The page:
Sunday, September 12, 2010

White Mountain Double Century

I drove up to Bishop on Friday. After checking into my motel, I got the bike ready with lights, air in the tires, and fresh lube on the chain. After traveling with the bike I like to go for a short easy spin to make sure there are no surprises. So, 2.5 miles into my Friday easy spin I hear Pfffffffft. I picked up one of those annoying barbs from a tire retread.
Fixed the flat, bought an additional tube, and ready to go.

4:00 AM start time. That means a 3:00 AM wake up. That’s early. Seems even earlier when the room above mine was occupied by a heard of buffalo. Thank you rude people.

We roll out in a pitch black pace line south on 395. About 15 miles of flat easy riding. Sitting in at 18 – 20 MPH with little or no effort. Then a left turn. Another easy mile and BAM! Up goes the road. From 4,000 feet to 7,000 in about 14 miles. First aid station, fill the bottles and a left turn. BAM, BAM, BOOM. 10 more miles of climbing. Mostly with double digit gradients. Yes, double digit, and often 13-15 percent. At times 18 percent. Had my first experience with altitude issues at 9200 feet. Had to stop so I could breath. Finally the summit. 8:45 AM, 4:45 minutes to go 38 miles. No, I’m not a great climber. No, I wasn’t the last one up either. It was easily the hardest climb I’ve ever done. (Note the use of the word easy to describe something hard). As hard as it was, the views and scenery were spectacular. the ancient bristle cone pine forest has to be seen. I highly recommend it. Don't want to suffer on the bike? You can drive up. The best way I can describe it; God was showing off.
The descent was very technical, so I took it easy until we turned back east on 168. Then the descent was pretty straight, and I let it rip. The fun didn’t last long.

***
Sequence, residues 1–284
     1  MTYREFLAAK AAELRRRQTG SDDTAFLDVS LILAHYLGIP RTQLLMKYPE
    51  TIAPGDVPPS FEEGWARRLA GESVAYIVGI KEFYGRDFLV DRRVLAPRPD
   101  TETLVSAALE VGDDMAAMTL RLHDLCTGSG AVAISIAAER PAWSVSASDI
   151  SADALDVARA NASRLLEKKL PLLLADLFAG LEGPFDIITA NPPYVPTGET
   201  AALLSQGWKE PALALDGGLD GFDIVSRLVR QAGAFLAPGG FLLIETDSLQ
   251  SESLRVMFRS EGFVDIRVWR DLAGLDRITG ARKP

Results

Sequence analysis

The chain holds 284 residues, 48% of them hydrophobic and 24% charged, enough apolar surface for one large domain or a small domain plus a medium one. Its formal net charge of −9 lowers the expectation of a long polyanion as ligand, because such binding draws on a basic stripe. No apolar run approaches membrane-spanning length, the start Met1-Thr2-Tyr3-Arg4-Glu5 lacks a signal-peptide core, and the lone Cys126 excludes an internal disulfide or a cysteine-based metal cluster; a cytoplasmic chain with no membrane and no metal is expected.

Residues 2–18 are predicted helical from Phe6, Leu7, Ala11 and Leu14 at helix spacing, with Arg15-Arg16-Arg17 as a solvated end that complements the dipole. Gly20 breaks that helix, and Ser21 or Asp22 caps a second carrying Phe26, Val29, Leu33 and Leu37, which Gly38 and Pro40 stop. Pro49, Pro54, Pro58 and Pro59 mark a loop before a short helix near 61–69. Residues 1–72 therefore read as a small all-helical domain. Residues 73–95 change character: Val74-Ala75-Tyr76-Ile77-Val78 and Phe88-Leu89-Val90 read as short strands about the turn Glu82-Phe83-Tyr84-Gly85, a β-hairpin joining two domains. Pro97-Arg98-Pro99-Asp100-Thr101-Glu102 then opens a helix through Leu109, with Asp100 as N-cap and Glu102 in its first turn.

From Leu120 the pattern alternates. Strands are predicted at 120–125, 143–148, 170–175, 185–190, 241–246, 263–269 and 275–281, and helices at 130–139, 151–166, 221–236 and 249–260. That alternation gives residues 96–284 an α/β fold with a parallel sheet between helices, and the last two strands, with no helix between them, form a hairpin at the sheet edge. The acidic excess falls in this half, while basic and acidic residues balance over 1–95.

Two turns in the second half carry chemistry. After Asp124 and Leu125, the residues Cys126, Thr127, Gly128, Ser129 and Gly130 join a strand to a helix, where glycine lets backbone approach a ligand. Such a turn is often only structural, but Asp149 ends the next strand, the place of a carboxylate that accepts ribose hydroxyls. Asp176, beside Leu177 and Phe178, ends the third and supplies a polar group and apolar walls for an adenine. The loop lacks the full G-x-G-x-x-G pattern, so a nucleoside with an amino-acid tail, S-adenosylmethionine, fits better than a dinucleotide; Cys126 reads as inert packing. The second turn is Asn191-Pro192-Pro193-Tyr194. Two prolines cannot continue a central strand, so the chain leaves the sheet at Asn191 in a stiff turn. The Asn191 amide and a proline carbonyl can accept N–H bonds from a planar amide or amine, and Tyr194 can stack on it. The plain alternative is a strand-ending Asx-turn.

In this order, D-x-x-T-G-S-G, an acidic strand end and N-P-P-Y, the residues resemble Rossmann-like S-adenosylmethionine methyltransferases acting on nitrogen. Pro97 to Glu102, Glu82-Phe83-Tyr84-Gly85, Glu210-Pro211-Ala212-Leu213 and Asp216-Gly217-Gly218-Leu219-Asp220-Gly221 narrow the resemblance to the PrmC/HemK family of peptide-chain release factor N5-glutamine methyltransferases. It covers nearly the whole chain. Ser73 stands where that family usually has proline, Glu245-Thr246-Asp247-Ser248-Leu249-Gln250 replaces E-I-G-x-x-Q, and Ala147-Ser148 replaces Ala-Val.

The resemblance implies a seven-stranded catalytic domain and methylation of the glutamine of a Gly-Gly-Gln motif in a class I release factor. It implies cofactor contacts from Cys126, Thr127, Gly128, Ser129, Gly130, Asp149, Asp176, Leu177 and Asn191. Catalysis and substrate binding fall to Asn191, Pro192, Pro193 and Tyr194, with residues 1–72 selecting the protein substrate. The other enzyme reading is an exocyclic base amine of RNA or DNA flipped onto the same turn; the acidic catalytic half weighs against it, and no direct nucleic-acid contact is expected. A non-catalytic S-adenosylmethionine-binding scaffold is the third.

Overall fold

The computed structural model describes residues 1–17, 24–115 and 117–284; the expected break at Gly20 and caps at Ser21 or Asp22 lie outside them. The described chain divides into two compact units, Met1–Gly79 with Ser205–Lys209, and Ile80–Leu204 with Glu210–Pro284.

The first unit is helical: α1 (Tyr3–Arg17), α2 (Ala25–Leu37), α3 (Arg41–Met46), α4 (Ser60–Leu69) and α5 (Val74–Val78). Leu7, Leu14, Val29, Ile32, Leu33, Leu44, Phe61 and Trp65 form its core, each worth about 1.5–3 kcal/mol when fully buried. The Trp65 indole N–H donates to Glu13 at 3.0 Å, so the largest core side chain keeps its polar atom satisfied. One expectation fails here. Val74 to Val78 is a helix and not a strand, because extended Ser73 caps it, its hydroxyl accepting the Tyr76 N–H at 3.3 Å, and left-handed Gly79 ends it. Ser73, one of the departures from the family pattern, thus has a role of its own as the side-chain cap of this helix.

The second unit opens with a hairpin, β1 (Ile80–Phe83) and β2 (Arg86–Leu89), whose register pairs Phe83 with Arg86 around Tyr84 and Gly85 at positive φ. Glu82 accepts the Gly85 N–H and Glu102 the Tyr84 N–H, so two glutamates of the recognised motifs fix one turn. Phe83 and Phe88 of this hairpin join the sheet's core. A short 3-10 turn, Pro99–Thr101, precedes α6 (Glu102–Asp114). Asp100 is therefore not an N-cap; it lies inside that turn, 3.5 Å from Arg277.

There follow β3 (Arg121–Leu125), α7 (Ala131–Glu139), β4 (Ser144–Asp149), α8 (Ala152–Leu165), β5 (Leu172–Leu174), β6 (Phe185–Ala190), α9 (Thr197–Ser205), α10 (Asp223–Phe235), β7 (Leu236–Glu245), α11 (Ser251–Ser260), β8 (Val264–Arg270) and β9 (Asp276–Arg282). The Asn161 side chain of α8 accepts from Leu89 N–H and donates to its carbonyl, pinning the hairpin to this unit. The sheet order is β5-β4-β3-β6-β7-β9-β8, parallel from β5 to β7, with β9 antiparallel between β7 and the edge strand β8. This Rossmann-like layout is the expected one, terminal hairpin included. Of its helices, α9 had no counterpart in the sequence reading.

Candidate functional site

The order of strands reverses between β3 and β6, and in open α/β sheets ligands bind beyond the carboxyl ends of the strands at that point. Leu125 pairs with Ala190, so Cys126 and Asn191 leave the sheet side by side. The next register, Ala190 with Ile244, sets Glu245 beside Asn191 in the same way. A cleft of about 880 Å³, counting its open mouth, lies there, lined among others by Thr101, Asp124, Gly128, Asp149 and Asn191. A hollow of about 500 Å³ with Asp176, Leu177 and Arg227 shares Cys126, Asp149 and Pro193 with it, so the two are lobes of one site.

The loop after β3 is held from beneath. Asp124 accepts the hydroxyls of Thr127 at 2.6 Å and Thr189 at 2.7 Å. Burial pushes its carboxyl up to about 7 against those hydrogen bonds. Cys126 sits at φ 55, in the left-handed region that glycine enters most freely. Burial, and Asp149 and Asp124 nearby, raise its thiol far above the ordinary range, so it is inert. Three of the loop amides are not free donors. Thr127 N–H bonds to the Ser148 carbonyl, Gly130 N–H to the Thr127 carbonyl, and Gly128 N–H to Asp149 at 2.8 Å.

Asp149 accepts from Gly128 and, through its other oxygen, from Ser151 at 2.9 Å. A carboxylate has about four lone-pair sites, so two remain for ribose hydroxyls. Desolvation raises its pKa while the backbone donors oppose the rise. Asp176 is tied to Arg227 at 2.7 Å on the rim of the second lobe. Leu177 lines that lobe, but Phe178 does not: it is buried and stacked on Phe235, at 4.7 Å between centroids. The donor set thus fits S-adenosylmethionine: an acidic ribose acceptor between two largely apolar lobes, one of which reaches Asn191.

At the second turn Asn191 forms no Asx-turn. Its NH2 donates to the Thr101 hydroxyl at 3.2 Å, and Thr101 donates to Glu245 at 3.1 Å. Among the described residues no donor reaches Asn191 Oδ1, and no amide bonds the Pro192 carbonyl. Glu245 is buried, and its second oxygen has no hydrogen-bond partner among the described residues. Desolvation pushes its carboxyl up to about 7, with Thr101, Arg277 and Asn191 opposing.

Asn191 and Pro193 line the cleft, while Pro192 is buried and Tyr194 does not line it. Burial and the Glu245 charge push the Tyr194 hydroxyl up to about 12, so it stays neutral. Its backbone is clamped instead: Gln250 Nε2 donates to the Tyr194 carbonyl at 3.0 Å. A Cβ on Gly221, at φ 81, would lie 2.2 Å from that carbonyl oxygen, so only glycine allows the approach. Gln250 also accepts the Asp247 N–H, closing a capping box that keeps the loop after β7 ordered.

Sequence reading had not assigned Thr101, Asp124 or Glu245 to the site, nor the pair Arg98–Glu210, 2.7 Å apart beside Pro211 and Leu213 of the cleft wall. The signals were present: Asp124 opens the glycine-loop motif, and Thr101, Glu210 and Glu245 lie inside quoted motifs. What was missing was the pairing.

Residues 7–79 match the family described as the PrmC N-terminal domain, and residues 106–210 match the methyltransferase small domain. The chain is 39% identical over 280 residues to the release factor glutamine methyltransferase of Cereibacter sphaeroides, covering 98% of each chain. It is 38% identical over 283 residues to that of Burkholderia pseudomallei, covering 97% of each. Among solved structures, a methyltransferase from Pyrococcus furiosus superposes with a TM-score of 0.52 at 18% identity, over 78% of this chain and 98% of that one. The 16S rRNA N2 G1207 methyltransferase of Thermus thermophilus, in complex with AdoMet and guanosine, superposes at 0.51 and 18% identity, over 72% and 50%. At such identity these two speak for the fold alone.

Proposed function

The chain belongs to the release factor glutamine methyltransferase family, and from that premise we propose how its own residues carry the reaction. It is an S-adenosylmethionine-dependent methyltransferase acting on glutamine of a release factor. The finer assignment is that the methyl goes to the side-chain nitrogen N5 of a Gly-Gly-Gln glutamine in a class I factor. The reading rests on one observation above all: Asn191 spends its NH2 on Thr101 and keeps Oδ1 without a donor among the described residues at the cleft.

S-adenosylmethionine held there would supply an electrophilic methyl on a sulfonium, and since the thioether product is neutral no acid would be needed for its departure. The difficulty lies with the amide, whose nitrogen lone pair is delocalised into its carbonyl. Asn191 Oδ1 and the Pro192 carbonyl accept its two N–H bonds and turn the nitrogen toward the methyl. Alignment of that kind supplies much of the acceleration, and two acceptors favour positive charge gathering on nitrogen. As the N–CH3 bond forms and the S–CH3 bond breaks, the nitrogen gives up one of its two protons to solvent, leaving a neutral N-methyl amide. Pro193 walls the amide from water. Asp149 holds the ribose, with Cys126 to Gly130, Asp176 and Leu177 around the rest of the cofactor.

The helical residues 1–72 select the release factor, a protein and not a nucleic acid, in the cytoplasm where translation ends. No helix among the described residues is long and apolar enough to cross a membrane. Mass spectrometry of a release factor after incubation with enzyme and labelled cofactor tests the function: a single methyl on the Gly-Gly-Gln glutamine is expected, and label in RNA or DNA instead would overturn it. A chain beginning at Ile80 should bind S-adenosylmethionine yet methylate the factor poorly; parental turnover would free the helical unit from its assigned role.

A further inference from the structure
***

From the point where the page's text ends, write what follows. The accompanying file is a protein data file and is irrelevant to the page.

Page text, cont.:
Why? Say hello to Gilbert’s Pass. More double digit gradients. Not as hard as White Mountain, but the legs are already mush. Summit Gilbert’s and a bit of downhill. Then into Nevada. Yahoo! A 1 to 3 percent downhill with a tailwind for 15 miles to the lunch stop. 26 to 28 MPH all the way to lunch.

After lunch a whole lot of Nevada desert. And crosswinds. And roads that seemed like they would never end. We get to Route 6. The sign says left to Bishop. That is where we are going. But the route sheet says turn right! It is a double century. To get to 200 miles we need a six mile out and back. The last two miles of the out portion was a wicked head wind. I though AWESOME! That means a long tailwind going back. Ha ha. It lasted about two miles. Even though my Garmin said I was headed west, and continued to say west, the wind became more of a cross.

One more pass awaited us. We were around 5000 feet and had to get over the 7110 foot high Montgomery pass. Montgomery is really pretty tame. No double digit gradients. But for me, with legs of rubber after White Mountain and a day of riding, three to five percents gradients felt like 15 percent. Summit. Bomb downhill to Benton for the last aid station of the day. Refuel, and cheat a bit with a fabulous hot dog. (That’s a first on a bike ride). Ready for the mostly 1 to 2 percent downhill to Bishop. But of course this is a HARD ride. A challenging ride. One that took us to a 10,000 foot plus peak. So, how to make the final 35 miles challenging. A nice big headwind, of course! Thankfully I spent most of it in a paceline. (Yes, I took a few turns up front). But it really helped.